In the summer of 2018, Alphaville observed that there seemed to be a paradoxical bull market in being bearish.
Since the financial crisis and the ensuing rise to fame of the investors who called — and profited significantly from — it (Bass, Burry, Eisman, Paulson, Gross et al.) there have been almost constant calls for a repeat of Armageddon.
As you may have observed reading the fine, dusty pink pixels of this blog and paper, and the white sheets of others, the media loves a negative headline. So these calls tend to get a rather asymmetric amount of airtime versus, say, a an equity strategist who thinks the S&P 500 may end the year up 5 per cent.
We’re not the only ones to spot this trend. JP Morgan’s Michael Cembalest, chairman of market and investment strategy at the firm’s Asset Management arm, has taken it upon himself to work just how investors would have fared if they’d listened to the self-proclaimed Cassandras of this cycle whenever they made a bearish market call.
He did so by calculating the returns investors would have missed out on if they rotated out of equities and into the Barclay’s Aggregate Bond Index after each specific call.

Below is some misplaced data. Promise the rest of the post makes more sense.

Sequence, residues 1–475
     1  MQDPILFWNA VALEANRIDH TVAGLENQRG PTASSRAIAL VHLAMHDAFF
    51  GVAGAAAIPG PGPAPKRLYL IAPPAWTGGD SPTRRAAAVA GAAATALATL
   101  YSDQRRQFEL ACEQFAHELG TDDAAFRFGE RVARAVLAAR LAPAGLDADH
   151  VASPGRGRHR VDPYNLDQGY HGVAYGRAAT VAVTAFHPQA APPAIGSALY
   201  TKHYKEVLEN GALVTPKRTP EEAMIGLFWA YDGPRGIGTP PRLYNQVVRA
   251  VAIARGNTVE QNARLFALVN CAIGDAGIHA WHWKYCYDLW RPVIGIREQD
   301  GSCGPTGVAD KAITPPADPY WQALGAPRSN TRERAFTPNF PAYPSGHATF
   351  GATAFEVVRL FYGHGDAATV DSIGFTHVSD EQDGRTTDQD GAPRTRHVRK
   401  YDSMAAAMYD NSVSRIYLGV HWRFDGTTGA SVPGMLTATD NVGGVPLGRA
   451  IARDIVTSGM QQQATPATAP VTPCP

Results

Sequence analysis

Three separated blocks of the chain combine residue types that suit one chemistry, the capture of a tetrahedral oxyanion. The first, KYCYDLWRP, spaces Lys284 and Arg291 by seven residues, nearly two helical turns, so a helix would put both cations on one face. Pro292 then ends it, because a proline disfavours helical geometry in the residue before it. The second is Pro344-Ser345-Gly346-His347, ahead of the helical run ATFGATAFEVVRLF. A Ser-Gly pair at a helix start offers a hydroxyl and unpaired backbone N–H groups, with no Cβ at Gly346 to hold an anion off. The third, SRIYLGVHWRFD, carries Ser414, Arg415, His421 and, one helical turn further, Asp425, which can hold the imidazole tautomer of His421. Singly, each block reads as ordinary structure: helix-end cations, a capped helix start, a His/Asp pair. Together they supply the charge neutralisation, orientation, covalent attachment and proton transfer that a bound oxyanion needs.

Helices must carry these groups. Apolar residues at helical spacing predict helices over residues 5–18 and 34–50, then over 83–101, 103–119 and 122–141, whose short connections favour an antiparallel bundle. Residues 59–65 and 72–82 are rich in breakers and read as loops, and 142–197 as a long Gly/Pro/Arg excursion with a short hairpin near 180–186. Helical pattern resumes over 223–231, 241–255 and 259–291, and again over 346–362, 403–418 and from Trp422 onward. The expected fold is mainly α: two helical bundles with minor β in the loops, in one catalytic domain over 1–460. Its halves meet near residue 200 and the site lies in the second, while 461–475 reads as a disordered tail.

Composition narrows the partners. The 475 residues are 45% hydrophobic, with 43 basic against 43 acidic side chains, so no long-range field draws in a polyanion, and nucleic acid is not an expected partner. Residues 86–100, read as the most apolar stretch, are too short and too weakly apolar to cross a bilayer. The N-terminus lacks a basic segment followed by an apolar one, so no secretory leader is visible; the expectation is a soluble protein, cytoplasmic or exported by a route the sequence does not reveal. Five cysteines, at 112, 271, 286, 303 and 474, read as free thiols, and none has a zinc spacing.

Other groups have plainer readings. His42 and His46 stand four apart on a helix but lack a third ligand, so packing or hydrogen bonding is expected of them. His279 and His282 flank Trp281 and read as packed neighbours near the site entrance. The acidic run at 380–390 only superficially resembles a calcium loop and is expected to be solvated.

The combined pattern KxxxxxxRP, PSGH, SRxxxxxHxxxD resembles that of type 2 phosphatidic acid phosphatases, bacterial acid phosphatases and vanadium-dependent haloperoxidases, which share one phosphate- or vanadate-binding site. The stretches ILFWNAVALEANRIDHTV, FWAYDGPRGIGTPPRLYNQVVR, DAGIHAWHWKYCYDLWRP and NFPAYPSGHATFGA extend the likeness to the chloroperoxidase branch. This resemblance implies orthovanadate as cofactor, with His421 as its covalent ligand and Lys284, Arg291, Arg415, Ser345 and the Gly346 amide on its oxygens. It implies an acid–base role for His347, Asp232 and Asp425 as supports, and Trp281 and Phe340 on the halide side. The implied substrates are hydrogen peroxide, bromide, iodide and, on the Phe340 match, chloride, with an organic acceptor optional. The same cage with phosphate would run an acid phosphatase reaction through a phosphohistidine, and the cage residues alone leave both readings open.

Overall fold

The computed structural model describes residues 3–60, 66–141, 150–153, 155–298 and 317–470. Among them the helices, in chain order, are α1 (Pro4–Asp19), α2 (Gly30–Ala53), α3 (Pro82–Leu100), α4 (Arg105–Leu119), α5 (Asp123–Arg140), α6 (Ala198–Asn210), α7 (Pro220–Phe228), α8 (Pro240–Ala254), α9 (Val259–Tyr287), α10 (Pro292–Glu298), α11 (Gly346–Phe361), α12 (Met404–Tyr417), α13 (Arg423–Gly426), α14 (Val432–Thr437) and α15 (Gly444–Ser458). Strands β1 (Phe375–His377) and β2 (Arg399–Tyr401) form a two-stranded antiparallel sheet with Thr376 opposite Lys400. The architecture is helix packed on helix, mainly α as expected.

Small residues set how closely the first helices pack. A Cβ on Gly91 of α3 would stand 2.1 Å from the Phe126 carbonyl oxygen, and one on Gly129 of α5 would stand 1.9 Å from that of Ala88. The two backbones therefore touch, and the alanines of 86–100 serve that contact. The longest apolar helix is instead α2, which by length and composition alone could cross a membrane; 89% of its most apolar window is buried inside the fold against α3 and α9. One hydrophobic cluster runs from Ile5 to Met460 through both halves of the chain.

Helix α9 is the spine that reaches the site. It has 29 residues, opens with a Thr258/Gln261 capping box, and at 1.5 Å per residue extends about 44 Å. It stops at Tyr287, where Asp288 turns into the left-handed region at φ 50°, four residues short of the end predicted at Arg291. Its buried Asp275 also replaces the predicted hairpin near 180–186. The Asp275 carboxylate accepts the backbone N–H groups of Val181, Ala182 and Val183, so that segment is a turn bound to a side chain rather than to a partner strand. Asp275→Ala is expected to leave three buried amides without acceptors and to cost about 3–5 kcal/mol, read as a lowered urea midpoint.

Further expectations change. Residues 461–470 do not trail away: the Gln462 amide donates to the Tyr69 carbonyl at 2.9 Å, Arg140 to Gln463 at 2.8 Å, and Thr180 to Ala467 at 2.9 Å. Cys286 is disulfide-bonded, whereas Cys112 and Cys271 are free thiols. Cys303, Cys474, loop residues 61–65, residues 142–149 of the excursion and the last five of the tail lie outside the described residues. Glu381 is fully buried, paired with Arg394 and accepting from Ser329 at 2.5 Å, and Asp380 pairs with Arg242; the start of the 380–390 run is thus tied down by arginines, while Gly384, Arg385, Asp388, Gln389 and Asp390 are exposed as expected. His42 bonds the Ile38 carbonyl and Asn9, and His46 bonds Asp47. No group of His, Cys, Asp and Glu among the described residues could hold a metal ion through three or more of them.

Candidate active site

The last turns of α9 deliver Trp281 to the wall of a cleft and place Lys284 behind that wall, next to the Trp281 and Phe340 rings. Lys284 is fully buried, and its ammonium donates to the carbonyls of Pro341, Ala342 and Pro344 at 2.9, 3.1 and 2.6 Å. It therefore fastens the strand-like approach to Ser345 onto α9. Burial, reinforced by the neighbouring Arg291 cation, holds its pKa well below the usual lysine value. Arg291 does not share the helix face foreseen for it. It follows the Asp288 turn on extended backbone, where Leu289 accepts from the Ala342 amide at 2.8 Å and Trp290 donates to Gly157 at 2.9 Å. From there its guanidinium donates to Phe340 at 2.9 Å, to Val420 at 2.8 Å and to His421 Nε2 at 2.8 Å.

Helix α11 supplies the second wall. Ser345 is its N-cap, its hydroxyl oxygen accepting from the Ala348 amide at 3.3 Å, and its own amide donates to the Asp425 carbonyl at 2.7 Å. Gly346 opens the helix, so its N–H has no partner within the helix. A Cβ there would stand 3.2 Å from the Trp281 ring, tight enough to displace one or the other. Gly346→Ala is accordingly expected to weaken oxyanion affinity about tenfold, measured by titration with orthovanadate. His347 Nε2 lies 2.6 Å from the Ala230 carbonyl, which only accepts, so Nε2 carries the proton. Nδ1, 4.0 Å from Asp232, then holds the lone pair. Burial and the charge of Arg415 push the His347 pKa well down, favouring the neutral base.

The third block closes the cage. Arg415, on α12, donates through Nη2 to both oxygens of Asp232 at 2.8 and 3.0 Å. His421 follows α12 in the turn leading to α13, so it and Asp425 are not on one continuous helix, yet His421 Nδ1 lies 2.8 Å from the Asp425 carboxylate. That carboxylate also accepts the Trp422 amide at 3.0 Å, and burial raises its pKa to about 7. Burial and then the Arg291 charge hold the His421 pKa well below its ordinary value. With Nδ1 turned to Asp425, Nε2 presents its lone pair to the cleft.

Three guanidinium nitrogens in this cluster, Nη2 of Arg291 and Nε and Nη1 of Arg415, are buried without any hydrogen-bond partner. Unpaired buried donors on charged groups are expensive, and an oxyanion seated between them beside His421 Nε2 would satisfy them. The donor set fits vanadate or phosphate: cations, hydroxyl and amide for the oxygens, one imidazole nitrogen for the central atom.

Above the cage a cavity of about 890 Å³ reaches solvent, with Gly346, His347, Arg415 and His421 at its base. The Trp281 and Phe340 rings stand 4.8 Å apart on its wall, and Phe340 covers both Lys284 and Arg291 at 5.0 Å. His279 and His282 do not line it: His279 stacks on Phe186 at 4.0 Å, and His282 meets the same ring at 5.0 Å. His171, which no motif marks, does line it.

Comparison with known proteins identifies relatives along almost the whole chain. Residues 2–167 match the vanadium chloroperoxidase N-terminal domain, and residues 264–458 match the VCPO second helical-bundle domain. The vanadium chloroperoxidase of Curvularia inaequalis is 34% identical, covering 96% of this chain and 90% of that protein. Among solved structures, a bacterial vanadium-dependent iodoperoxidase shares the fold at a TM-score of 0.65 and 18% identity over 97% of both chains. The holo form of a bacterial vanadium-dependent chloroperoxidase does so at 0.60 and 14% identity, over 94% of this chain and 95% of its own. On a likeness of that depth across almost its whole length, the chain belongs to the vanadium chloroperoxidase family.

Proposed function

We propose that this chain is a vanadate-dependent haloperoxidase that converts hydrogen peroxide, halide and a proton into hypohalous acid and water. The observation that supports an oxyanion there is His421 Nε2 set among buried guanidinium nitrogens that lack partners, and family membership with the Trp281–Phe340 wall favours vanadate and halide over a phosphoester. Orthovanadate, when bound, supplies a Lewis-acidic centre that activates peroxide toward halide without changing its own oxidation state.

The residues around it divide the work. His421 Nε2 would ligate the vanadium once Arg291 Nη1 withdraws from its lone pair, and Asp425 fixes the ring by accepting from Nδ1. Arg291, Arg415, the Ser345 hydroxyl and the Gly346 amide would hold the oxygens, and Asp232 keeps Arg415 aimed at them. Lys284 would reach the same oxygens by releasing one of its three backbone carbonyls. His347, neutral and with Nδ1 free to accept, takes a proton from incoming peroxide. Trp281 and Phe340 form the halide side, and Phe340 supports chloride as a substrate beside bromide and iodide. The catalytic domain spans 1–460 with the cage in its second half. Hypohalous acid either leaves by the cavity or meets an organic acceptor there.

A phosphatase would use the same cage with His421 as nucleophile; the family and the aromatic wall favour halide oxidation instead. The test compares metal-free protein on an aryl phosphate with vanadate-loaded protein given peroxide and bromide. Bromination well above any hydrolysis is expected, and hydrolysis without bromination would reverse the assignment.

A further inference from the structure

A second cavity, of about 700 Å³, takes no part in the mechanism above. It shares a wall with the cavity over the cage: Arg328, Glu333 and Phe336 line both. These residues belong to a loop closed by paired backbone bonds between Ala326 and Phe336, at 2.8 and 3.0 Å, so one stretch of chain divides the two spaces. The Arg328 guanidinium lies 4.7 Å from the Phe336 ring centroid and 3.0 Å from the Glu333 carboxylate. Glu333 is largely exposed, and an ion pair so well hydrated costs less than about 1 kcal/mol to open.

Talk about shade:
And, for context, here are the market calls:
And the coup de grace:
The table below is not an exhaustive list; we could have included Bill Gross (“The Cult of Equity is Dying”, 2012) and Harry Dent (“The US Has Gone Over The Demographic Cliff And Markets Will Crash This Summer”, 2013) but we ran out of room.
Let’s hope, for Cembalest’s sake, that this note doesn’t mark the top.
Obviosuly that is not to say that bears are always wrong. And you could also draw an equally amusing, and much longer, chart of equity bull calls going into 2008.
But it does make a good point about investment. Mostly tilt bullish because much of the time you will be right.